Normal0falsefalsefalseEN-USX-NONEX-NONEMicrosoftInternetExplorer4

After the crash in farmland values from record high prices in the 1980s, farmland values continue to rise and are once again reaching all time record levels.

At the end of each year a survey is conducted for farm land sales in 14 southwestern Minnesota counties. The survey reports bare farm land sales to non-related parties for the first six months each year. Data collected from the counties of Chippewa, Cottonwood, Jackson, Lac qui Parle, Lincoln, Lyon, Martin, Murray, Nobles, Pipestone, Redwood, Rock, Watonwan and Yellow Medicine indicated prices increased from an average of $2,262 in 2005 to $3,702 in 2008 – an increase of 64%. A large portion of this increase (30 of 64%) happened in 2008. Farmland prices increased, in these 14 counties, from an overall average of $2,849 per acre in 2007 to an average of $3,702 in 2008.

Only one county experienced a decline in 2008 and that was Lincoln County with a negative 2.4% change while having the largest increase in 2007 of 47.8%. Land sold each year can vary by region even in a county so values can fluctuate. For example farmland could be sold one year closer to a larger city like Marshall and none is sold the next year.

So what is making land prices increase? Farm income, grain prices, interest rates, return on other investments and 1031 exchanges are often mentioned as reasons for the increase. Farm profits are up in 2008 to record levels according to USDA forecasts. This trend will probably continue. Record prices for corn and soybeans were recorded in 2008. This would add local demand for the land from farmers. Interest rates are at historically low levels with the current national recession and land rental income is comparable or larger than what an investor can earn from treasury bills or a certificate of deposit at financial institutions.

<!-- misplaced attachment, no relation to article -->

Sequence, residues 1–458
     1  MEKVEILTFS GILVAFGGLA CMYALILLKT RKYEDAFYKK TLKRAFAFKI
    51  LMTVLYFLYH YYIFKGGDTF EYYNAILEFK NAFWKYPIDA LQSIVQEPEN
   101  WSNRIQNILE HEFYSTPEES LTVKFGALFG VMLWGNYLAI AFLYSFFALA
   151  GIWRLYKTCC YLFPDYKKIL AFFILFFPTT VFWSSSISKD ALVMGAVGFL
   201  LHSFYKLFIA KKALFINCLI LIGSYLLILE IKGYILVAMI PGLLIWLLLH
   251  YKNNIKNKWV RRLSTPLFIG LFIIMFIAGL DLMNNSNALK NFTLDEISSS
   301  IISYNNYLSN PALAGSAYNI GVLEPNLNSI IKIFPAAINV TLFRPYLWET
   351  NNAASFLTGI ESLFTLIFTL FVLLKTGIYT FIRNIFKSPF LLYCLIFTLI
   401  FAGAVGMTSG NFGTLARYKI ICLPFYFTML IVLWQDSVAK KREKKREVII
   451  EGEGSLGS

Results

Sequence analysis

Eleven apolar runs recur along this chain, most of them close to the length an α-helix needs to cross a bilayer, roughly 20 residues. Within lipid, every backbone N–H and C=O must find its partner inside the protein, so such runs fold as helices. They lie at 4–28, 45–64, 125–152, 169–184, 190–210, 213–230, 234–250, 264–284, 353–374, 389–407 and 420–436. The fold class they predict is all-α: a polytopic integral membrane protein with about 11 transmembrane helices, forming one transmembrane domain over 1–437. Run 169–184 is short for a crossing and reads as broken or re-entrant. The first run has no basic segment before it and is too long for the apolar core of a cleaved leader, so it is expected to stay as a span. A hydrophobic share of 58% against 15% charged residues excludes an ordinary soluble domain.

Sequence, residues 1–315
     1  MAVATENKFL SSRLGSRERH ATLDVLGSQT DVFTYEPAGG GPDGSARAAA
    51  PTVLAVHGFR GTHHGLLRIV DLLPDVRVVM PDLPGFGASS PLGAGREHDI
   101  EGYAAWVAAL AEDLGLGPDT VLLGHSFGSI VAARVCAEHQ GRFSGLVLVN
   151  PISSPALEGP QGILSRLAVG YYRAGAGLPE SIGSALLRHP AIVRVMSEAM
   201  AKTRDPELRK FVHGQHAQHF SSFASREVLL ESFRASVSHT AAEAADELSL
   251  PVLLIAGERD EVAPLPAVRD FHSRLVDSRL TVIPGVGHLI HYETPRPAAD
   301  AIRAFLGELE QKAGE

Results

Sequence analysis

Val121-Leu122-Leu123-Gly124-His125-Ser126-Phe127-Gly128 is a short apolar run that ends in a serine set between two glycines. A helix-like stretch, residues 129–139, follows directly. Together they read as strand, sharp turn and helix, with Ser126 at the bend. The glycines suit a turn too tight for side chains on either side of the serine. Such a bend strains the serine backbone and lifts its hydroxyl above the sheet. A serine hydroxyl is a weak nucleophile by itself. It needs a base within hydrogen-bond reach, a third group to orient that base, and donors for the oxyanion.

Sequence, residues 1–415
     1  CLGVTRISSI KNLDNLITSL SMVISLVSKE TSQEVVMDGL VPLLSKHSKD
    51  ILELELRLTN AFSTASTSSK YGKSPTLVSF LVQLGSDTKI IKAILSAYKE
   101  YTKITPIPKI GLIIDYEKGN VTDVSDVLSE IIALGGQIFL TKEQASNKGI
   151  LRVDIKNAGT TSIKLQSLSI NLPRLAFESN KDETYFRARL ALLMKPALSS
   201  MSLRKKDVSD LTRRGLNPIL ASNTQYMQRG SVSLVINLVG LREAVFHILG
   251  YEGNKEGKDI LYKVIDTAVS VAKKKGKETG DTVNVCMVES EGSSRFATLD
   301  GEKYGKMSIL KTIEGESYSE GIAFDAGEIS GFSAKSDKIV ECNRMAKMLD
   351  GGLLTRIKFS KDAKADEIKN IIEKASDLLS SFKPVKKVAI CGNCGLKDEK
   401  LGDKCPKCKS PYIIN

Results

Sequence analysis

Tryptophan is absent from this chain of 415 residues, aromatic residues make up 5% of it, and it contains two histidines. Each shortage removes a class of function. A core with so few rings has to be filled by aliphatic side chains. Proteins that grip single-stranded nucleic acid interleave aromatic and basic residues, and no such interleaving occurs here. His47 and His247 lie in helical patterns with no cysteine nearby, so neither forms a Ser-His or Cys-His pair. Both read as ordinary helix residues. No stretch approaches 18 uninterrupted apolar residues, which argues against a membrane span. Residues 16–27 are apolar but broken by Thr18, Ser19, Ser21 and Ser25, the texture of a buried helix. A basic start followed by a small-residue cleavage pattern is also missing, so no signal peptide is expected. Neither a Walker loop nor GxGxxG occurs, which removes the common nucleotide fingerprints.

Money continues to leave the stock market and flow into more cash-based products. The 1031 exchange is for farmers or landowners who have land in an area of increased value due to location to city or development and rather then pay taxes on a large gain from the sale of the land they purchase like property or other farmland at a more reasonable price. This has the effect of increasing prices even in non metro locations, but this impact will be tempered by the national recession.

How high can farmland values go? Supply and demand will determine this. The simple return on investment, which is determined by rental rates, will determine how competitive farmland is compared to other investments and this will determine a value for farmland. If interest rates rise, or farm rental rates fall, the value of land is sure to be affected in a negative way. But as long as these factors do not occur, the price of farmland will continue to climb. There are indications that land values have started to decline 10-15% in the second half of 2008 as the stock market and grain price fell considerably.